Five and a Half Bridges, James Rolfe’s new composition, will premiere at The Three Faces of Jerusalem concert on Sunday January 27 at Koerner Hall. James worked with poet André Alexis who wrote the text for this piece using the concept of a bridge “as a metaphor for connection.” Five bridges from around the world were used as inspiration for each of the verses. Whether they are made of stone or steel, spanning a short ditch or two mountains tops, these bridges and the history and culture they represent piqued our interest. We thought that we would share some photos and information from the web for your enjoyment before you hear the piece at the concert.
Pont Neuf Bridge, Paris (France)
Although Pont Neuf translates to ‘New Bridge,’ this is one of the oldest standing bridges in Paris. It was built from 1578 to 1607 and is 232 metres in length. This bridge spans the Seine connecting the western point of the city to Île de la Cité, the island in the middle of the river that was the heart of mediaeval Paris. King Henry III laid its first stone and for a long time the bridge was the widest in Paris. During the 18th century, the Pont Neuf was the centre of Paris, bustling with both commerce and crime. People gathered to buy goods from vendors of all types and to watch street performers. The bridge was such a popular gathering place that historian Augustus J. C. Hare wrote, “So central an artery is the Pont Neuf, that it used to be a saying with the Parisian police, that if, after watching three days, they did not see a man cross the bridge, he must have left Paris.”
The Stone Arch, Shaharah (Yemen)
Built in the beginning of the 17th century to connect the two separate parts of the mountain-top village, the bridge is a proud legacy from the times of fierce tribes battling against foreign invaders. The bridge was designed and built by the builder Ostta in 1905 and took three years to build. The bridge is 20 metres long and three metres wide. The depth of the drop below is 300 metres. Before the bridge was built, the route between the two mountains used to take a lot of time and effort, as people were forced to go down the groove before climbing slowly up again. It was also hard to transfer goods and animals.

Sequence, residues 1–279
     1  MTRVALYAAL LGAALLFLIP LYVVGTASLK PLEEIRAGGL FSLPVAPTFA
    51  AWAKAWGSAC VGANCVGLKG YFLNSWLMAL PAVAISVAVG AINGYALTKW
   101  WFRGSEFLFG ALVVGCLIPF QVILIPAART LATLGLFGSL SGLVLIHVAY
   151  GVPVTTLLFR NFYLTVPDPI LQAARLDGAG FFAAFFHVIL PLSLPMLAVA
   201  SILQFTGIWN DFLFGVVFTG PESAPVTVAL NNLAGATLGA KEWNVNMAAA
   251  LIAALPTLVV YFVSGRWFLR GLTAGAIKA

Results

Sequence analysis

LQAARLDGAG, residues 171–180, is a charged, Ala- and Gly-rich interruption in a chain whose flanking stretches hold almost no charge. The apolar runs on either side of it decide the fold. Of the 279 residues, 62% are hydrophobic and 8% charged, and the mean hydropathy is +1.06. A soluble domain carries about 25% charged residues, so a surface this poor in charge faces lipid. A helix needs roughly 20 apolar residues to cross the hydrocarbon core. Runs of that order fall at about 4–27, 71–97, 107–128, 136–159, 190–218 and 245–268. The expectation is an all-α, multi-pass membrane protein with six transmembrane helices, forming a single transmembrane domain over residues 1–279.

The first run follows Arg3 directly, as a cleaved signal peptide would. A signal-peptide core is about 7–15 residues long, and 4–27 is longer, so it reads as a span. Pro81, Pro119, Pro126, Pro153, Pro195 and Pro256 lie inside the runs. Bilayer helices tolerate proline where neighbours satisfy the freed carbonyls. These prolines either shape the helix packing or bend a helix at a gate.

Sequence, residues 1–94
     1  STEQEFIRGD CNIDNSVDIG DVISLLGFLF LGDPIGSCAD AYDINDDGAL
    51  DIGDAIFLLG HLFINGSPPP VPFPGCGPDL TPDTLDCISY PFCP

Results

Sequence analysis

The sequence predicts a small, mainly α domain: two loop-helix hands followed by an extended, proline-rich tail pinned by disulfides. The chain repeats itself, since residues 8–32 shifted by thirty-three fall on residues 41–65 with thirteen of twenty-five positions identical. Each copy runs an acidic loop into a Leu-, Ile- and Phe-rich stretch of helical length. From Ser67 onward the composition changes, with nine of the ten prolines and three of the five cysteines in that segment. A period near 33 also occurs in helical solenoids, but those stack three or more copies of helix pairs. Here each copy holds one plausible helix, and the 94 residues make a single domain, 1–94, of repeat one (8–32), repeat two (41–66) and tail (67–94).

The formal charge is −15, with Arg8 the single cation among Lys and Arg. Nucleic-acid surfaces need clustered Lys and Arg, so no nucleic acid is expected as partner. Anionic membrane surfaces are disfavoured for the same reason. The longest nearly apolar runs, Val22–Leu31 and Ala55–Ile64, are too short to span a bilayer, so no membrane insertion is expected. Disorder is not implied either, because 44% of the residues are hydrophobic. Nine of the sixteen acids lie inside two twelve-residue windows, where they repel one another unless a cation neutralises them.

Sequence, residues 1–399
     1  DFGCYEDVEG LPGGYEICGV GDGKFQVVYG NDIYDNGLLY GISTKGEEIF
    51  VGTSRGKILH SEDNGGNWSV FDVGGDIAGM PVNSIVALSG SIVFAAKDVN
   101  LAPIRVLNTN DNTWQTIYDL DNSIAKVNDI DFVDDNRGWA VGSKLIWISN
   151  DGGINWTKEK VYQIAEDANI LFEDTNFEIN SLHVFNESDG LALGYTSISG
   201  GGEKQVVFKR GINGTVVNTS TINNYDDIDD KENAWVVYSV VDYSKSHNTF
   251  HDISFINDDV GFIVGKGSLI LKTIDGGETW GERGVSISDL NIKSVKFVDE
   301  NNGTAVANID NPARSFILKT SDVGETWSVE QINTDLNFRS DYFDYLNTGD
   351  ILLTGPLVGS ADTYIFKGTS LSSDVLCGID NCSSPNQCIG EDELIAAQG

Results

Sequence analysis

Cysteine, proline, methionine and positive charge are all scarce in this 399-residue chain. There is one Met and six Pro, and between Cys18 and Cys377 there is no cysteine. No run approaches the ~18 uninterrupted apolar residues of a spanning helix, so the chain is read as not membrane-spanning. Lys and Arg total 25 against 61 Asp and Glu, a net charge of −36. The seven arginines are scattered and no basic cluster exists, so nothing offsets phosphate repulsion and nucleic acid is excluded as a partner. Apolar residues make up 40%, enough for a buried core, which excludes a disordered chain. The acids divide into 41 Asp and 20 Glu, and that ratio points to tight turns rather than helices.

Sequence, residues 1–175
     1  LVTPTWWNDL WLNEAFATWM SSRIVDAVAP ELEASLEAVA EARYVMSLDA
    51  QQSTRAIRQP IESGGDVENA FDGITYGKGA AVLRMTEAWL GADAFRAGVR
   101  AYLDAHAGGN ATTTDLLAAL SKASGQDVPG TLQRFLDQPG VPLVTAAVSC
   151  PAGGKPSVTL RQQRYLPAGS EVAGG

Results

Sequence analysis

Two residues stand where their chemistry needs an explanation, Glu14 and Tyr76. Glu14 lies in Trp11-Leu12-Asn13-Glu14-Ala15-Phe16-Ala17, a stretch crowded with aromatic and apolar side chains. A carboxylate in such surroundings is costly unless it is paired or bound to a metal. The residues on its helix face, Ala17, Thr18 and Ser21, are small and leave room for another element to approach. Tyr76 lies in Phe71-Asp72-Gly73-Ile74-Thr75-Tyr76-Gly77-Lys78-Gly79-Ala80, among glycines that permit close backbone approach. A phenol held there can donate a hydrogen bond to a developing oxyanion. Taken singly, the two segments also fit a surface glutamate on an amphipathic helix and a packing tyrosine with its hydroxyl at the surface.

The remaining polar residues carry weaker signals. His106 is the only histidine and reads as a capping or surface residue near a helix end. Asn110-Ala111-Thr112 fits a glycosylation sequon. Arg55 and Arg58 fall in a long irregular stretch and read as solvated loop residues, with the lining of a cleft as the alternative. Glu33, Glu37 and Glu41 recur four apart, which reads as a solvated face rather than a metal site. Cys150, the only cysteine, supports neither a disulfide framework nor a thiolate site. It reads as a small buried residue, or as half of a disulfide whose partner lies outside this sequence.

Arkadiko Bridge, Peloponnese (Greece)
Arkadiko Bridge or Kazarma Bridge dates back more than 2000 years to the Greek Bronze Age. It is one of the oldest functioning arch bridges still in existence. The corbel arch bridge was created in Mycenaean times to connect a highway between two cities, which formed part of a wider military road network. The structure is 22 metres long, 5.60 metres wide at the base and 4 metres high. The sophisticated layout of this bridge and the road indicate that they were specifically constructed for use by chariots. Built in the late Helladic III (ca.1300–1190 BC), the bridge is still used by locals.
Si-o-se Pol, Isfahan (Iran)
Si-o-se Pol, which means 33 Bridge or the Bridge of 33 Arches, also called the Allah-Verdi Khan Bridge, is one of the eleven bridges of Isfahan, Iran. It is ranked as being one of the most famous examples of Safavid bridge design. Si-o-Se Pol Bridge spans the Zayandeh Rud River and connects Isfahan’s famous Chahar Bagh Boulevard with the Armenian neighborhood of New Julfa. This bridge is not only one of the oldest but also the largest anywhere in Iran. Built between the years of 1599 to 1602 by Shah Abbas I, it consists of two rows of 33 arches. The bridge’s double-decker structure is built from the yellow brick and limestone masonry. The upper level holds the roadway, now limited to pedestrian traffic, and is flanked by two vaulted arcades. In the old days, when the bridge was a major thoroughfare crowded with carriages, farmers driving stock to market, and carts laden high with merchandise for the bazaar, the side corridors served as pedestrian zones where people on foot could escape the danger of being trampled.
Alexandra Bridge, Ottawa (Canada)
The Royal Alexandra Interprovincial Bridge is a steel truss cantilever bridge spanning the Ottawa River between Ottawa, Ontario and Gatineau, Quebec. It is known locally as both the “Alexandra Bridge” and the “Interprovincial Bridge.” The bridge was constructed by the Canadian Pacific Railway between 1898 and 1900 and crosses the Ottawa River just east of Parliament Hill at Nepean Point in Ottawa. The bridge was designed primarily to carry CPR trains but also had a track for local electric trolley service between Ottawa and Hull, as well as a lane for carriage traffic. During the late 1950s the bridge was upgraded to carry vehicular and pedestrian traffic. The closure of Ottawa Union Station in 1966 saw the last passenger trains use the Royal Alexandra Bridge and the railway tracks were removed as the bridge became exclusively a vehicular-pedestrian bridge.
Listen Five and a Half Bridges at The Three Faces of Jerusalem concert on Jan 27 at 3:00 pm at Koerner Hall. If you would like to find out more about this work, James Rolfe will join Lawrence Cherney to give a pre-concert chat at 2:00 pm.